From Cappadocia we made a quick stop in Ankara, Turkey’s capital and second largest city. Second largest, but by no means the second most interesting; on the bus ride in we saw miles and miles and miles of sprawl. And while it’s an old city, there was really not that much going on until Mustafa Kemal Ataturk made it the capital of his revolt against the Ottoman Sultan. When he won that war and thus brought the Ottoman empire to an end, he made it the capital of the new Turkish Republic rather than maintaining Istanbul in that role. In the 1920s it was a city of 30,000, growing to today’s 4.5 million in just a few decades.(While the city itself isn’t really that interesting, I was intrigued to learn that through much of history the city was known across Europe as Angora. From that came the name of Angora goats [source of mohair], Angora cats, and Angora rabbits. How’s that for making the most of a modest history?)
The main reason we made our way up there from Cappadocia – besides the fact that it was a nice mid-way point en route to Istanbul – is that our old friends Sara & Erik, both former graduate school classmates, live there. Eric is fairly recently retired from the U.S. Foreign Service, but Sarah is still in it, so that’s their post for another year. Over the years Mark & I have periodically thought it would fun to see them in one of their far-flung posts but until now we’ve never made it. As they’re anticipating Sarah’s retirement in a couple years they’ve bought and restored a house in Umbria, Italy, where they’ll live half the year so chances are we’ll see more of them in the coming years. In case it isn’t obvious, we like Italy.We got into Ankara pretty late one evening and were leaving early two days later, so we only had one day to see the city. With a local guide like Erik, though, we made the most of our day. As he put it, “There are just three things you have to see: the Museum of Anatolian Civilizations, the Citadel, and Ataturk’s mausoleum.” So he showed us up to the Citadel, ruins of an old 9th century castle; 15 minutes later we’d knocked off the first assignment.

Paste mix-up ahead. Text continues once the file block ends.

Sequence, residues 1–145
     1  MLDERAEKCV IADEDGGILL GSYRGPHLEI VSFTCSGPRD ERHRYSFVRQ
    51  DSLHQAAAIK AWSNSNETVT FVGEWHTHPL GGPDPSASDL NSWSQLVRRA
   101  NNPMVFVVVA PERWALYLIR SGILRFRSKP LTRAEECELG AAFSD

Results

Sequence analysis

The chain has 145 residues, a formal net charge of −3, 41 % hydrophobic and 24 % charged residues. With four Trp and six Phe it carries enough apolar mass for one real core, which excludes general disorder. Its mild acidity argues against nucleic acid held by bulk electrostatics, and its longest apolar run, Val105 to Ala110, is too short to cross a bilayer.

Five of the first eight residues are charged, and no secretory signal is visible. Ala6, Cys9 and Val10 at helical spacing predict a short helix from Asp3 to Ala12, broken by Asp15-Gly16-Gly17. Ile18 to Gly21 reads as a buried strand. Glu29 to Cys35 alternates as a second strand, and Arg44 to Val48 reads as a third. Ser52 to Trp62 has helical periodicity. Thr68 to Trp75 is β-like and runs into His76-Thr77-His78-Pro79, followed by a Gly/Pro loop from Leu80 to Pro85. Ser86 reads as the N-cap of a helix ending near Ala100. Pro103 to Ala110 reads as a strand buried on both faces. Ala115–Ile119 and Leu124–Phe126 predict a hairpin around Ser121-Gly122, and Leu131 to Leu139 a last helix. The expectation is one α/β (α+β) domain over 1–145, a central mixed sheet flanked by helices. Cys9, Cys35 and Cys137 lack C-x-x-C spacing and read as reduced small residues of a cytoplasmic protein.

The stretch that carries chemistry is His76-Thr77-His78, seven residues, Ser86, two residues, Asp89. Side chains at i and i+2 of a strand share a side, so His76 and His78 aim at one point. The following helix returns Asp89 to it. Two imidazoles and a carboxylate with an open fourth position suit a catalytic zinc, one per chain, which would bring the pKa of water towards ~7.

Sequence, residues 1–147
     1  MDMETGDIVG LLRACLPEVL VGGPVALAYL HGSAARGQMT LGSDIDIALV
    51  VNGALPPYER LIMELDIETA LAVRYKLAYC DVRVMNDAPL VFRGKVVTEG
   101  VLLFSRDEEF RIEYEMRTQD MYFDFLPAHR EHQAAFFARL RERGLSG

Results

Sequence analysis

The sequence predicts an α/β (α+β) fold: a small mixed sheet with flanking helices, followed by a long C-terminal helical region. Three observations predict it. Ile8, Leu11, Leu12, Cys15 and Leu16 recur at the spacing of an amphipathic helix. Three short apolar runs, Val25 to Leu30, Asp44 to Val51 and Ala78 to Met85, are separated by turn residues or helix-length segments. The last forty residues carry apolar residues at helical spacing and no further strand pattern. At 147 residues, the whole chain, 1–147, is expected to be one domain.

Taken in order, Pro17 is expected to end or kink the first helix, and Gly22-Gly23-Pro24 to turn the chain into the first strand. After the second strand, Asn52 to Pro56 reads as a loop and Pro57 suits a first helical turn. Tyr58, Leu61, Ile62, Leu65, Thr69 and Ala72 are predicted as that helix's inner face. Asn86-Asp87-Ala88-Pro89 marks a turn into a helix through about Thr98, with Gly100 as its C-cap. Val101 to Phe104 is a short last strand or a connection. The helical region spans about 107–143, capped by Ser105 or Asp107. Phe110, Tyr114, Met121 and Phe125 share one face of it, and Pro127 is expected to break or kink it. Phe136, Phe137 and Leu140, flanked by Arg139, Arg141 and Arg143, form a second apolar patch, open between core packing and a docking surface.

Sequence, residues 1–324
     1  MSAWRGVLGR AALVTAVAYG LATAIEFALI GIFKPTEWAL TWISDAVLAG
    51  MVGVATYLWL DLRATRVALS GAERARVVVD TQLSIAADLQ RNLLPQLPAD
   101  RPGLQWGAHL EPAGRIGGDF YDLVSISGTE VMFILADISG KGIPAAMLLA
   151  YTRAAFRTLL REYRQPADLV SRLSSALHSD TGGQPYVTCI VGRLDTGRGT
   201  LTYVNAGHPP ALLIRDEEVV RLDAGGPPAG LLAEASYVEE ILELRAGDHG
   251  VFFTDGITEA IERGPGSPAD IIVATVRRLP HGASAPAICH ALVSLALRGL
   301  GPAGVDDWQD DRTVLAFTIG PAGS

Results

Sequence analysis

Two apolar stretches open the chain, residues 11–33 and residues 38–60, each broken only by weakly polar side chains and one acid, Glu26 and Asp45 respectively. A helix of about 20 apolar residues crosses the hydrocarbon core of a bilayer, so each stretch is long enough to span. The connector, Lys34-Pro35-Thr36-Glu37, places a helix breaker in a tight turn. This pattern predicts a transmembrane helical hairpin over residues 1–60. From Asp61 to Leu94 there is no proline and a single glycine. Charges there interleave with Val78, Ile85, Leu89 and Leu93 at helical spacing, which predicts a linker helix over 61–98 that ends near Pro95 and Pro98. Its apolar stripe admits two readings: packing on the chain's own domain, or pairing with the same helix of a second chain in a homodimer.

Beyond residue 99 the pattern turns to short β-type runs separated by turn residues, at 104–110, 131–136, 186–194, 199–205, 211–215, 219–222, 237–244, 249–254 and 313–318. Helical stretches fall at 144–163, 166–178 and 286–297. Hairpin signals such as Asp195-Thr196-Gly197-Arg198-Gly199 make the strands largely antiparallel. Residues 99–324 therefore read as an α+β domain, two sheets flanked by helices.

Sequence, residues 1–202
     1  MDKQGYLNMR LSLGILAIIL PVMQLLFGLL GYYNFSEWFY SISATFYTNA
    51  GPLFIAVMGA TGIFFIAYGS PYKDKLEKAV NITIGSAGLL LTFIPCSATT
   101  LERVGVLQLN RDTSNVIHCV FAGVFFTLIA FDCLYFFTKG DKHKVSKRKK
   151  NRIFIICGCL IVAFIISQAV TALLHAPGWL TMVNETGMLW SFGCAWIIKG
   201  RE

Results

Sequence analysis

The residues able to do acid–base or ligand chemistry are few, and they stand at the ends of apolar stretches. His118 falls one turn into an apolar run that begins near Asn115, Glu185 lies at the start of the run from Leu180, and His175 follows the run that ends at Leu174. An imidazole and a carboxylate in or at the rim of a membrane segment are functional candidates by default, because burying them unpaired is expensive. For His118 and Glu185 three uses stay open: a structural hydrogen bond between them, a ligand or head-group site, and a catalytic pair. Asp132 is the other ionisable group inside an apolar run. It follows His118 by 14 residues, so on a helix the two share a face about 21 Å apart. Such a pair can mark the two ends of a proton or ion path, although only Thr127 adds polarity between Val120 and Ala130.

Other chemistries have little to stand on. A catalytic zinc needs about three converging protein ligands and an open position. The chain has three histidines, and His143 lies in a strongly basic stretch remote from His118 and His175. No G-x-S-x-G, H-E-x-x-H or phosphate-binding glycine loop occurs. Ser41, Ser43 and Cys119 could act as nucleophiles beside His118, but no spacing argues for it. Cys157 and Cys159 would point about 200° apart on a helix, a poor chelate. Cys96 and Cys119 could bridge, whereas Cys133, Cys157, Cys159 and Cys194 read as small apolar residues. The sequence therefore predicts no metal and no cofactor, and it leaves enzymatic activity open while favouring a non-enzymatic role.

Next up was the Museum, a nice little survey of all that’s gone on in Anatolia over the last 10,000 years or so. Mark & I have learned that we like modest-sized museums, and this certainly fit the bill, just a nice little taste of all the great history in a beautiful setting. Erik ran some errands while we toured the museum and then took us to his favorite kebab place right near there.
Final stop was the Ataturk mausoleum, quite the monumental bit of hagiography. That’s not to say Ataturk doesn’t deserve a hefty degree of respect. Almost single handedly he marshaled the Turks’ dissatisfaction with the way the Sultan was effectively giving the country to the European victors after World War I and created the modern democratic Turkish republic. And in the process dragged Turkey into the modern era, creating the secular state that’s so important to the region today.
So that was it – some ruins, a museum, and a mausoleum. Then a couple dinners with Sarah & Erik and we were off to Istanbul. Sadly, they were off to a four-day Blue Cruise down on the coast from Bodrum. Sadly, I say, because they’d planned it with friends who had to cancel. And then, after weeks of fabulous weather, the forecast was for storms on their arrival. We haven’t heard how it went yet, but the signs were not positive.
On to Istanbul!